When I heard these words I sat down and wept and mourned several days. Then I fasted and offered this prayer to the God of heaven, "I pray thee, O Jehovah, the God of heaven, who showest kindness to those who love and follow thy commands, let thine ears now be open to hear the prayers of thy servant which I am now making before thee day and night for the Israelites, thy servants, while I confess the sins which we have committed. These are thy servants and thy people, whom thou hast saved by thy great power and by thy strong hand. O Lord, I pray thee, let thine ear be open to the petition of thy servant and to the petitions of thy servants who take pleasure in worshipping thee, and give success to thy servant this day, and grant that he may win this man's sympathy."
Now I was cupbearer to the king, and in the month of March in the twentieth year of the reign of Artaxerxes, the king, I had charge of the wine offered to the king. Up to this time I had not been sad; so the king said to me, "Why is your face sad, for you are not sick? This is nothing else but sorrow of heart." Then I was greatly afraid, and I said to the king, "Let the king live forever! Why should not my face be sad, when the city, the place where my fathers are buried, lies in ruins and its gates are destroyed by fire?" Then the king said to me, "What do you wish?" So I prayed to the God of heaven and said to the king, "If it please the king and if your servant has won your favor, then send me to Judah, to the city where my fathers lie buried, that I may rebuild it." The king said to me (and the queen was also sitting by him), "How long will your journey take, and when will you return?" Then I told him when I would return, so that the king was willing to let me go.
I also said to the king, "If the king is willing, let letters be given me to the governors of the province west of the Euphrates, that they may let me pass through until I come to Judah, and a letter to Asaph, the keeper of the king's park, that he may give me timber to make beams for the gates of the castle which guards the temple and for the wall of the city and for the house in which I shall live." The king granted me all this, for my God kindly cared for me.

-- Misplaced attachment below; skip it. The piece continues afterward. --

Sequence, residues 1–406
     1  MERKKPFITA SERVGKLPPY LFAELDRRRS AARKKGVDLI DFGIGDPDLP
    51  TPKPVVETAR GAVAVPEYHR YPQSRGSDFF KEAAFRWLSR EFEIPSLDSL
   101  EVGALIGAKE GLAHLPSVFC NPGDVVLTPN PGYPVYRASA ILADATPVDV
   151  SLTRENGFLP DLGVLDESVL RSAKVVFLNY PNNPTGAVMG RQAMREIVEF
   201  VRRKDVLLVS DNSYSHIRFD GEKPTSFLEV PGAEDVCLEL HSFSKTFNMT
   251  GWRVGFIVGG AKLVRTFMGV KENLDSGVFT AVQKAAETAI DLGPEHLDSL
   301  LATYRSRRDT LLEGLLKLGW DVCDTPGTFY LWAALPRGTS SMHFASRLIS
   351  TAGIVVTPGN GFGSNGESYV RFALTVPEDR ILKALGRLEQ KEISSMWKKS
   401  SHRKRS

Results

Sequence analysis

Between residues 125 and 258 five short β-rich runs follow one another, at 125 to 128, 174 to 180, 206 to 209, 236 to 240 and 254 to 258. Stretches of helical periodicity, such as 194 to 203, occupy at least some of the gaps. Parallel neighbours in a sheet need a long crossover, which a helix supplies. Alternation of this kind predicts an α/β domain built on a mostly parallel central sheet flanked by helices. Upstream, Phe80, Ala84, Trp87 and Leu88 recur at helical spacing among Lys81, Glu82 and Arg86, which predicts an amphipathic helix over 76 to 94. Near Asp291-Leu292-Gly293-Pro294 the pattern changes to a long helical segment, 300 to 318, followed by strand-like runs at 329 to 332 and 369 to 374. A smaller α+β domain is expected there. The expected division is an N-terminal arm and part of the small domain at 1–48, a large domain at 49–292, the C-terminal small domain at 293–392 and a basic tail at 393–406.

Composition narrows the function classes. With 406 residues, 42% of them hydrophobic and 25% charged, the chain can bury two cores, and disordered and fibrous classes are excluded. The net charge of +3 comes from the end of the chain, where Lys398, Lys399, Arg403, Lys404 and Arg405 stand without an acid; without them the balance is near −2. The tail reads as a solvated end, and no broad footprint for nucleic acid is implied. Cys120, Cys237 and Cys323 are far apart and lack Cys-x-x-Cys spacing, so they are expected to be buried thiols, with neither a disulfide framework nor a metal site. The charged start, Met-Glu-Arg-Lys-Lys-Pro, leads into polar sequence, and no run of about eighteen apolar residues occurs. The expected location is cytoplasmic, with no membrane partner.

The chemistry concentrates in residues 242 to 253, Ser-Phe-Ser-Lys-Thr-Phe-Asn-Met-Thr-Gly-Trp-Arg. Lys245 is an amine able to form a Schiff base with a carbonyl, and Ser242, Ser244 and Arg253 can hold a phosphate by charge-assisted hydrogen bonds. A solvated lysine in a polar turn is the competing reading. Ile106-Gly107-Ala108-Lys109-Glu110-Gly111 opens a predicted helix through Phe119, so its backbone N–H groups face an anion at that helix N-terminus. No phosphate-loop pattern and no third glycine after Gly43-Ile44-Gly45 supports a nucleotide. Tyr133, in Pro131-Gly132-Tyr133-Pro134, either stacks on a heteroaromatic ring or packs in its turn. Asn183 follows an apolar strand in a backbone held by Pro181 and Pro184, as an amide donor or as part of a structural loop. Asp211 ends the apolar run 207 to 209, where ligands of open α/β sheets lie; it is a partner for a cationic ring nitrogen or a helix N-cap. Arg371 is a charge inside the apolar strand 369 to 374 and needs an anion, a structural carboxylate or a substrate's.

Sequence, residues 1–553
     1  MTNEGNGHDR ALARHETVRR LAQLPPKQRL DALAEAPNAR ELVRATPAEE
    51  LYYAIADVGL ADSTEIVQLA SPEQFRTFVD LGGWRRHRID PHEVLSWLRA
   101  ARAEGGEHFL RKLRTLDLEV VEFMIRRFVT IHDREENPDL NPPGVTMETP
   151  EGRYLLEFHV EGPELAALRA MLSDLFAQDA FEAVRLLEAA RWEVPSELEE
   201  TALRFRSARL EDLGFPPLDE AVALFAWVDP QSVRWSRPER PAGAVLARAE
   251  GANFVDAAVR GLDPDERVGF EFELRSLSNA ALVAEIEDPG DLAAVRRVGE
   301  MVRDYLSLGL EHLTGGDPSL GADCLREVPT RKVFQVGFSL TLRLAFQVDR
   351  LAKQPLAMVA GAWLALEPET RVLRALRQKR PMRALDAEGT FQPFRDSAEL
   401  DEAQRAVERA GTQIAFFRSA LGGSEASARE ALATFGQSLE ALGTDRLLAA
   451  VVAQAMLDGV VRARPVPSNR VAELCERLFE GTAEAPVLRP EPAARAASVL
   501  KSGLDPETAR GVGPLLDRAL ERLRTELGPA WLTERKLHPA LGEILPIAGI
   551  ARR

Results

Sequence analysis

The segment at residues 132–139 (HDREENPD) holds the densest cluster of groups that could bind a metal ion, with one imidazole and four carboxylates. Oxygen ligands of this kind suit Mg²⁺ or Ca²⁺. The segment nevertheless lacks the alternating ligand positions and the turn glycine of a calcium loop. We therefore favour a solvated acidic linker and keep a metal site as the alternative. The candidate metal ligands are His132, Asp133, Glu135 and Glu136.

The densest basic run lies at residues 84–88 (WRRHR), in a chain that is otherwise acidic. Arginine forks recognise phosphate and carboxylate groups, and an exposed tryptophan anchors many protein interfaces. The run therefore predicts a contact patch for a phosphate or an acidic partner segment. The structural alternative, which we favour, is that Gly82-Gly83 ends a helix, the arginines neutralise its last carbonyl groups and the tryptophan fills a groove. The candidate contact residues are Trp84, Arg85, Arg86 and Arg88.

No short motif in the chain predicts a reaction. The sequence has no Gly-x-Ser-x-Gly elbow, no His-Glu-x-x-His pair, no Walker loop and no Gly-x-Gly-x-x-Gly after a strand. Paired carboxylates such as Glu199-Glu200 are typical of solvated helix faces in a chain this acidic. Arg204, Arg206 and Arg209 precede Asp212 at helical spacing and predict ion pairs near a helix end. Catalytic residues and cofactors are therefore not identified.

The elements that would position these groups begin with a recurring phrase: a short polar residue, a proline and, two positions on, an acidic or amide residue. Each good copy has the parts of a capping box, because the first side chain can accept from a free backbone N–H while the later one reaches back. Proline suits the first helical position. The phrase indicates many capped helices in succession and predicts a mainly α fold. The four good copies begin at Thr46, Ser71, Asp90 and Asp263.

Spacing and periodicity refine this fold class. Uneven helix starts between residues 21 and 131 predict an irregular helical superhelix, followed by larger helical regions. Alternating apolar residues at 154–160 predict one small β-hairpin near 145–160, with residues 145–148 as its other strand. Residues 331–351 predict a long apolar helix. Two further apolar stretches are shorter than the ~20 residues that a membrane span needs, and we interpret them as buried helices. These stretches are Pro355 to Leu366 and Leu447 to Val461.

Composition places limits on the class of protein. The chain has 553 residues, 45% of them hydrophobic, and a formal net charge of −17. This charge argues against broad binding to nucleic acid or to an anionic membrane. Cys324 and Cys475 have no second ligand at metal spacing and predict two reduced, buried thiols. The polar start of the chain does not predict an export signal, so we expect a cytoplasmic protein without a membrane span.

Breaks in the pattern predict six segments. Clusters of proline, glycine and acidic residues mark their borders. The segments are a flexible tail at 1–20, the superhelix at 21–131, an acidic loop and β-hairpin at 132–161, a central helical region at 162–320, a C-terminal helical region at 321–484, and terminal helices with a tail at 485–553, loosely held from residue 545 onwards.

Then I went to the governors of the province and gave them the king's letters. The king had sent with me officers and horsemen; and when Sanballat, the Horonite, and Tobiah, the Ammonite slave, heard of it, it troubled them greatly, that one had come to look out for the welfare of the Israelites.
So I arrived at Jerusalem. After I had been there three days I rose in the night, together with a few of my followers. I told no one what my God had put into my mind to do for Jerusalem, and I had no animal with me except the one upon which I rode. I went out by night through the Valley Gate, toward the Dragon's Well and to the Dung Gate; and I examined carefully the walls of Jerusalem which were broken down and the places where its gates had been destroyed by fire. Then I went on to the Fountain Gate and to the King's Pool, but there was no place for the animal on which I rode to pass.
I also went up in the night along the Brook Kidron and examined the wall; then I turned back and entered by the Valley Gate and so returned. The rulers did not know where I went or what I did, and I had not as yet told my plan to the Jews or to the priests or to the nobles or to the rulers or to the others who did the work.
Then I said to them, "You see the bad condition in which we are, how Jerusalem lies in ruins and its gates are destroyed by fire. Come and let us rebuild the wall of Jerusalem, that we may no longer be in disgrace." I told them too how my God had kindly cared for me and the words which the king had spoken to me. They said, "Let us go to work and build?" So they entered heartily into the good work.